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Tuesday, September 14, 2004

Hiatus

I thought I posted this about 3 weeks ago, but Blogger didn't take it. Here it is again, though:

The amount of time the blog is taking isn't worth it considering the number of readers. With the end of the season rapidly approaching, I doubt many people will be interested in the Rockies while the playoffs are going. So, the blog is on hiatus.

I'll post if there are major offseason moves, but otherwise there will be nothing regular until spring training.

See you in the spring...

Mick


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Thursday, September 02, 2004

Off the Snide

The Rockies finally won a game last night. Jamey Wright did what he needed to do to keep himself in the running for a place in the Rockies future. Wright pitched 7 excellent innings and Shawn Chacon got a clean save: no sweat, no nerves, just coming in and taking care of business.

However the Rockies have been taking flack from the national media. What!? That's right, the Rockies got a mention on ESPN's PTI today. But it not for anything good (of course). In case you haven't watched or listened to the Rockies games against the Giants, Clint Hurdle has adopted the strategy of intentionally walking Barry Bonds in almost every circumstance. And it has worked. Of the 19 times Bonds was intentionally walked, he only scored on three. But the Rockies have been attacked for not pitching to Barry.

So what is to be made out of this issue? There are two questions to consider here. First, is it worth it to put Barry Bonds on base and second, is it sportsmanly? There is no arguing with the numbers: it is without a doubt effective to put Barry Bonds on base. He is such a dangerous batter that giving him first is called for in a majority of situations.

That means the real question is if walking Barry Bonds is good sportsmanship? My personal belief is similar to the famous Huey Long quote "Don't tax you, don't tax me, tax the guy behind the tree". Simply: It's bad sportsmanship... even when the Rockies do it effectively.

Yes, I know that, to quote Herman Edwards, we play -- to win -- the game. But putting Barry Bonds on base is a violation of everything baseball, and possibly sports in general, is about: competition. Sports is about competition, courage and, most of all, athletic abilities. Walking Bonds cheapens the competition, shows a lack of any courage and takes the athletic ability of both Bonds and the Rox pitcher completely out of the game.

Clint Hurdle: pitch to Barry Bonds. Please. We're 21 games out of first place and a mile from the wildcard. Losing isn't a huge deal at this point in the season. Keeping the integrity of the game and the honor of the Colorado Rockies intact is more important than potentially giving up a homerun to Barry Bonds. Yes, yes, it's within the rules of the game, but its still cheap. Man up and pitch to Bonds.

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Wednesday, September 01, 2004

L-L-L-L-L-L-L-L

The Rockies continue to suck. Jeff Francis continues to give up homeruns in parks much more pitcher-friendly than Coors Field, surrendering four of his eight runs to the long ball. Worse, the homeruns are coming from people like Eli Marrero and Yorvit Torrealba. All Rockies fans should really hope he can reign in the homers before he gets back to Coors or things could get ugly...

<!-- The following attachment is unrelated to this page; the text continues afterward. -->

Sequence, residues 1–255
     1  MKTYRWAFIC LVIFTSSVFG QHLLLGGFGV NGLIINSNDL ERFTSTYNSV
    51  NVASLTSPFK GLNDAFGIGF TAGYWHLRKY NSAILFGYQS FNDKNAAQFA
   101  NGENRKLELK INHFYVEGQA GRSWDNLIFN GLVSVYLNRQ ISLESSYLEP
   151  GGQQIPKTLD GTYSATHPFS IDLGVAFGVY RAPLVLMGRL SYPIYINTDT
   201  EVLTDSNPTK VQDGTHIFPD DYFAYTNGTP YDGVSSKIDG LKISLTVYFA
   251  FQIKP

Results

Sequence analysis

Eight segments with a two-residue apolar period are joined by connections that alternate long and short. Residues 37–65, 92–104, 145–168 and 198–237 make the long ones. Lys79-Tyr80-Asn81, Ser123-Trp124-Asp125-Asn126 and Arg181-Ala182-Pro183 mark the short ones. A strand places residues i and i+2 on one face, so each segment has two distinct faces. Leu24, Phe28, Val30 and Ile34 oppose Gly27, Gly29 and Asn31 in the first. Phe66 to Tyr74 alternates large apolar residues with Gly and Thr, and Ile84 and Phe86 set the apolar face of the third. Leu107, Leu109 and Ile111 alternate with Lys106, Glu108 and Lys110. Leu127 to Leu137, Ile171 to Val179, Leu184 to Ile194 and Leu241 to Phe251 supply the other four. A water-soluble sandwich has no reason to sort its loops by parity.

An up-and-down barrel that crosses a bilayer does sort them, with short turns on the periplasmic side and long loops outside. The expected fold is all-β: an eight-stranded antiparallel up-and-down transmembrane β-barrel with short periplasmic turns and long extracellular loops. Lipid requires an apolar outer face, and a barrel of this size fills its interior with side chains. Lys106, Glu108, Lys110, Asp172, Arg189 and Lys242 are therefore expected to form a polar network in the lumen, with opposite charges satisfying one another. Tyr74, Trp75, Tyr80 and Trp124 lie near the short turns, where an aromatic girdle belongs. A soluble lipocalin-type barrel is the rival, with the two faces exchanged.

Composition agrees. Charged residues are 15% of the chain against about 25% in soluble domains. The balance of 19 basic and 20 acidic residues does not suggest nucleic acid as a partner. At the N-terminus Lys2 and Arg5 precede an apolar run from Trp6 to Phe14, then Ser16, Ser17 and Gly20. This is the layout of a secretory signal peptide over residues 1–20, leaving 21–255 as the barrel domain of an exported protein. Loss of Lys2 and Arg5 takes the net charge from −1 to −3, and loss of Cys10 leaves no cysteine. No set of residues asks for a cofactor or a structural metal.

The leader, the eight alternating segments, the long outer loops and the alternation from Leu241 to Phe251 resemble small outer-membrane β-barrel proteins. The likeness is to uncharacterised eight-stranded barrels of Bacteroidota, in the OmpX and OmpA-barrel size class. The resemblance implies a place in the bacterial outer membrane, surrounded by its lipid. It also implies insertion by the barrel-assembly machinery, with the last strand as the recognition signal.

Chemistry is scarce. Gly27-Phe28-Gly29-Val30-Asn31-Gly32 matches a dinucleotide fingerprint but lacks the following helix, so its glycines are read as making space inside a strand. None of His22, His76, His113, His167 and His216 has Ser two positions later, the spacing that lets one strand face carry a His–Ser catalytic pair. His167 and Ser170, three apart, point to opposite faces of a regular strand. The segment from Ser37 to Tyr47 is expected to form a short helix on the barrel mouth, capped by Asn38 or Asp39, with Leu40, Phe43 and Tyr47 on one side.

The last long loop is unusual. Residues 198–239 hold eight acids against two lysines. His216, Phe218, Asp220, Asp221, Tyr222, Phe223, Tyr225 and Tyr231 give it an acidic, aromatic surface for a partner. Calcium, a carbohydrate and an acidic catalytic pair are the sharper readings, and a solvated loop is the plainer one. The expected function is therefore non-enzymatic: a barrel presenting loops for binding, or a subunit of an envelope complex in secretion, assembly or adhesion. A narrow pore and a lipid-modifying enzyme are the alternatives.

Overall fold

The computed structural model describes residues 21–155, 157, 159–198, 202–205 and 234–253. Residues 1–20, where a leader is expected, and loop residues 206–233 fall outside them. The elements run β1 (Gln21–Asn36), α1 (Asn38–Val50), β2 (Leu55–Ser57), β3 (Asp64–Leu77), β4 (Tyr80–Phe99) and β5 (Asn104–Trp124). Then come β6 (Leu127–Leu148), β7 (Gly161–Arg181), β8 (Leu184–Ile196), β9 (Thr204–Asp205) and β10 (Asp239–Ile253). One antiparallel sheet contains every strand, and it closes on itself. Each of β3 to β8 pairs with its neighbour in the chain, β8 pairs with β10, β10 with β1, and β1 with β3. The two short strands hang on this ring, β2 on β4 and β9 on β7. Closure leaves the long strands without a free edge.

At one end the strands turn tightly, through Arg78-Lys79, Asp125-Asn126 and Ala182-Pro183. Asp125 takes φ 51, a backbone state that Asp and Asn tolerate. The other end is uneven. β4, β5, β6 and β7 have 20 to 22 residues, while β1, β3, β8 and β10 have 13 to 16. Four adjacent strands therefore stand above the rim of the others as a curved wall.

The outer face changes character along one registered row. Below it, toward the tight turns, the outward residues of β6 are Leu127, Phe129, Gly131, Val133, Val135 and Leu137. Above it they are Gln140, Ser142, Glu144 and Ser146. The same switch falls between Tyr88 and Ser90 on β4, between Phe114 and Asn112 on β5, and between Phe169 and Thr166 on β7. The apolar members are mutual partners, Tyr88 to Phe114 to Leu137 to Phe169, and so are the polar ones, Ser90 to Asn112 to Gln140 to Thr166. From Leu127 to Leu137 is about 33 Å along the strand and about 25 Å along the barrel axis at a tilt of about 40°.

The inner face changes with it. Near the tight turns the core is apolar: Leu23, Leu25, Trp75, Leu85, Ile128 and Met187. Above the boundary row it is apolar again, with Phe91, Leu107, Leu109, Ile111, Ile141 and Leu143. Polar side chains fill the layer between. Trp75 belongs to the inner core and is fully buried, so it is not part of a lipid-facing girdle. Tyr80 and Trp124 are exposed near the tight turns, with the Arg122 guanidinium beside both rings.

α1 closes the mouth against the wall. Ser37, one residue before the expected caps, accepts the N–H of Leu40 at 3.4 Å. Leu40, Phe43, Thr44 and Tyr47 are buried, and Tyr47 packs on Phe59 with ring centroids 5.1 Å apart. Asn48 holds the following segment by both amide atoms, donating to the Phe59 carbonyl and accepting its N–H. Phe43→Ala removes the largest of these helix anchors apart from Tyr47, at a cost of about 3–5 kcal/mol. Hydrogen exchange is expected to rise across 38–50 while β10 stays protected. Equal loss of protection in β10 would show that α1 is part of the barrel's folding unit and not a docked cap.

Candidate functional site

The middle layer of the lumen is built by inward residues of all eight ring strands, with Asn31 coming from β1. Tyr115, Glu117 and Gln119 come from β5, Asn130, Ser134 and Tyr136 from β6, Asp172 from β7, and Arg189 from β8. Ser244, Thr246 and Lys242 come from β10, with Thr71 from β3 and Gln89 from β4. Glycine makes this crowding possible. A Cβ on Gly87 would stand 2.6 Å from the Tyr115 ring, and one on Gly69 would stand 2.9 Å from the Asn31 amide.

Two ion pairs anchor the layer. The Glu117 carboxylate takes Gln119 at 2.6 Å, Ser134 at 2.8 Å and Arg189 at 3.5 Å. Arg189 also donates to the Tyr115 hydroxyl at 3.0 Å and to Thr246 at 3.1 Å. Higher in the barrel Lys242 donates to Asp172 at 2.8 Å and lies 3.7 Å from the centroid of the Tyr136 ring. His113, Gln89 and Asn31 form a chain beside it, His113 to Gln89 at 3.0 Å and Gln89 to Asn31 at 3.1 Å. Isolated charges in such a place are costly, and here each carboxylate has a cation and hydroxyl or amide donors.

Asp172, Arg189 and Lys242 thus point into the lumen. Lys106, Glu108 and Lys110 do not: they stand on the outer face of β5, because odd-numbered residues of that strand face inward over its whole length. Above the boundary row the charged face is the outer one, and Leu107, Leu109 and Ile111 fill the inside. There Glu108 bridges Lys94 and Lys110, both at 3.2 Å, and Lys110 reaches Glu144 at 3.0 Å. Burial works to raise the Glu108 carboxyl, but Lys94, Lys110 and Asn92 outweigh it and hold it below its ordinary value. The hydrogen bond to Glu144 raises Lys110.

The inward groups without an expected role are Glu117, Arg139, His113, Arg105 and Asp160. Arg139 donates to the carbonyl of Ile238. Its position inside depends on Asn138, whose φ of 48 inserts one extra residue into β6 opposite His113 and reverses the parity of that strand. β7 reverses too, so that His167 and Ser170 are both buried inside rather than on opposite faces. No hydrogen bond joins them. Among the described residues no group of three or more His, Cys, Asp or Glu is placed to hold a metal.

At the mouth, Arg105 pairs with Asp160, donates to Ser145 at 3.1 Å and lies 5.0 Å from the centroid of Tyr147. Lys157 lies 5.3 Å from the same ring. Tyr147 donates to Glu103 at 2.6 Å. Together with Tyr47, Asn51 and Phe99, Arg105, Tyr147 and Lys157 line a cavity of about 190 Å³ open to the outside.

Even though I continue to believe that taking these losses don't really matter as much as getting experience for the youngsters (like Francis), this constant losing is getting very irritating. In a time of year when the Rox desperately need to compete against the Broncos for control of the Denver sports audience, they come up short. Waaaaay short.

And it's so confusing. Don't get me wrong, here. The Rox aren't a great team, but they are definitely not this bad either. The last two months of Rockies baseball are both difficult to believe and to are especially difficult to rationalize with each other. The Rockies aren't the 16-10 team they were in July, but they really aren't the team that we are seeing right now. Maybe September is when we can see the real Rockies. You know, the maddeningly mediocre Rockies we've come to know and love.

Tonight, the Rox will face Barry Bonds and Co. in San Francisco, trying to break out of this cursed funk while on national TV. If Jamey Wright wants a chance to prove himself worthy of a roster spot, now is the time...

Also, for anyone who cares: Yours Truly has been selected to participate in a webmasters discussion over at the MLB Center forums. Look for that this September!

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Tuesday, August 31, 2004

No News

No real news for the Rockies. Yesterday was an off-day and the Rox don't play until this evening. Hopefully, Jeff Francis won't get eaten alive by Barry Bonds and... well, Bonds is really the only one in the Giants lineup to worry about...

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Monday, August 30, 2004

Perdre

The Rockies are off today and it's Monday, so this will be a short post.

The collapse continues as the Rockies lost again, this time 8-4 on the 29th. A.J. Burnett was dominant in his eight innings, Shawn Estes was awful in his five and the Rockies never got off the ground.

With this horrible stretch, the Rockies have fallen below the Milwaukee Brewers and are now tied with the Montreal Expos for the second-worst record in the NL. How pathetic is that?

The series against the Giants starts tomorrow with Franchise against Brett Tomko (3-5 with .263 BAA in his career against the Rox).

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